You had a son, Stefan, in 2014. They say he was born in Nice…

No, he was born in Monaco.

A trifle, he couldn’t play for France!

[Explodes into laughter.] OK, well, I don’t know how that would work, I haven’t checked it out!  Will he play tennis later?  That’s impossible to predict.  When he learns to walk, there’ll come a moment when he’ll grab a racquet and ball, it’s only natural.  As soon as he learns to talk, people will ask him if he wants to play, be better than his father.  But I don’t want to force him to become a professional tennis player.  Children of champions who don’t succeed in the same sport as their parents are more numerous than those who succeed because there’s so much pressure.  I’ll tell my son what he can expect so he’ll be ready.

You’ve played legendary matches at Roland Garros, like the semi-final you lost to Rafael Nadal in 2013. But the title keeps eluding you…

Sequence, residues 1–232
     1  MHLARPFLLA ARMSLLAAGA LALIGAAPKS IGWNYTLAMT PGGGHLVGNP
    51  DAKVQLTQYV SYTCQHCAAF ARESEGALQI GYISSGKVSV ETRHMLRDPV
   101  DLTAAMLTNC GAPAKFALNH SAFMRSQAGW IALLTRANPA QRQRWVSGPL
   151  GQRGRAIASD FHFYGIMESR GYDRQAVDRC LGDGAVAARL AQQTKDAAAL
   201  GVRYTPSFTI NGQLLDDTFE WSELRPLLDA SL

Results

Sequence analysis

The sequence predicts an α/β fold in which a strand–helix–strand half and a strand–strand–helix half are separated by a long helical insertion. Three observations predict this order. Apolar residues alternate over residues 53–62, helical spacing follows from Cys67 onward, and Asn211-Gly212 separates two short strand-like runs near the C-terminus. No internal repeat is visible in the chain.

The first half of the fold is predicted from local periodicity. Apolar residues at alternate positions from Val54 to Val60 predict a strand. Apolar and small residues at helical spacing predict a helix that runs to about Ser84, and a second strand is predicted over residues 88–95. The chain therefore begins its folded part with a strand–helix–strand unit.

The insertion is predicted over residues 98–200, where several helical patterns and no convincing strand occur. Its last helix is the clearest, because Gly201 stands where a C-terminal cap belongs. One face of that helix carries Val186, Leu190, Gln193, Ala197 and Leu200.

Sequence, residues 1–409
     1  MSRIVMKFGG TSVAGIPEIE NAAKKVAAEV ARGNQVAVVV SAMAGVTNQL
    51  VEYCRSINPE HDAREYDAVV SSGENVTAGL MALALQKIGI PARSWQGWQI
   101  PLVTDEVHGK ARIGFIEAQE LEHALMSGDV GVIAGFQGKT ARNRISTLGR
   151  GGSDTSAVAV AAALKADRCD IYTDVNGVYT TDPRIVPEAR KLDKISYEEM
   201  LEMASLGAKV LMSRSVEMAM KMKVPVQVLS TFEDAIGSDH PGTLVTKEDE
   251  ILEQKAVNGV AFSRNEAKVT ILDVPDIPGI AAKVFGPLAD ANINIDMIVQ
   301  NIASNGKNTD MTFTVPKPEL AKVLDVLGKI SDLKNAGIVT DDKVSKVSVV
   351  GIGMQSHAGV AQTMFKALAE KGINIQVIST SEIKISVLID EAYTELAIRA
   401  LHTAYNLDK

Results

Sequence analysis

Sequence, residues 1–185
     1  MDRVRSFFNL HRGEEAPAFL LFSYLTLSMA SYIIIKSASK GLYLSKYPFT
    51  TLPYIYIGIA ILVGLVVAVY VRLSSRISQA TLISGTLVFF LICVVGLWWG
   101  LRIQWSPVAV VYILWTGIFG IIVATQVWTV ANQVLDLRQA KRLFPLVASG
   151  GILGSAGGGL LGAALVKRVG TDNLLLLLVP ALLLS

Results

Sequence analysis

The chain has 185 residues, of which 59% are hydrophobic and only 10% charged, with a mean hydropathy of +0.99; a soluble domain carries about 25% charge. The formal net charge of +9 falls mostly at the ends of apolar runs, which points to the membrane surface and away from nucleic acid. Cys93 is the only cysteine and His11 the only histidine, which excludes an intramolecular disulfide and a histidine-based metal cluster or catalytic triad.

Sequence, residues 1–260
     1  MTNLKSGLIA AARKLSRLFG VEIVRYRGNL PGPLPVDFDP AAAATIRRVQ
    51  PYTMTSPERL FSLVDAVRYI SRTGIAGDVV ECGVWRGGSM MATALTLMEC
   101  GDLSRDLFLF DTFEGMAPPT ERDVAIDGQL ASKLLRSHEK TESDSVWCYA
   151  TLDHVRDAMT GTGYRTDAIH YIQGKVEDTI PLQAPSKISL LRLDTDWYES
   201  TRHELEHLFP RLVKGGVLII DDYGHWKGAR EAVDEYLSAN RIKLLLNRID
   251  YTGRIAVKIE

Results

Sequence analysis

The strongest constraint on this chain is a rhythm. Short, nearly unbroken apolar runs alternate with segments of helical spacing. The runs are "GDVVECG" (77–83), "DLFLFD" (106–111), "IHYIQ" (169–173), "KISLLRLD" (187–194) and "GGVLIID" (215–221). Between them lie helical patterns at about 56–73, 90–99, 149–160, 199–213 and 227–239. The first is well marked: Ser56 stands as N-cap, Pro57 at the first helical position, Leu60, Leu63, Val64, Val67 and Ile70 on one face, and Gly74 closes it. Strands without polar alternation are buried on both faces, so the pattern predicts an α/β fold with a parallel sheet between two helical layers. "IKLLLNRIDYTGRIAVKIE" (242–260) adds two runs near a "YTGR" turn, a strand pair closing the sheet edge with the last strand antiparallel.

It’s a tournament I dream of winning.  The matches I lost at Roland Garros against Nadal were really not easy to digest.  But I take that as an apprenticeship: it’s a challenge that allows me to grow and improve.  That will be my state of mind for the 2015 edition [May 19-June 7- ED], which I can’t wait to play.  I think it will go well for me there, even if it’s a ways down the road and, psychologically, I don’t want to think about it yet.  Roland Garros is always at the top of my priorities.

Because the crowd supports you?

Last year, after my loss in the final, I had one of the most touching moments of my career when the whole stadium applauded me for a long time.  I had tears in my eyes because the French crowd isn’t easy to win over.  To enjoy this support when I’m not French is something I’ll never forget and it encourages me.  What’s important is what you feel—and, in Paris, I feel good, appreciated, carried along by a positive energy.  When I feel that good, I play my best tennis.

Translated by MAN

“It would be mission impossible” – Marion Bartoli has no thoughts of a comeback

Translated from l’Équipe print edition April 3, 2015 page 11. Article by Vincent Cognet.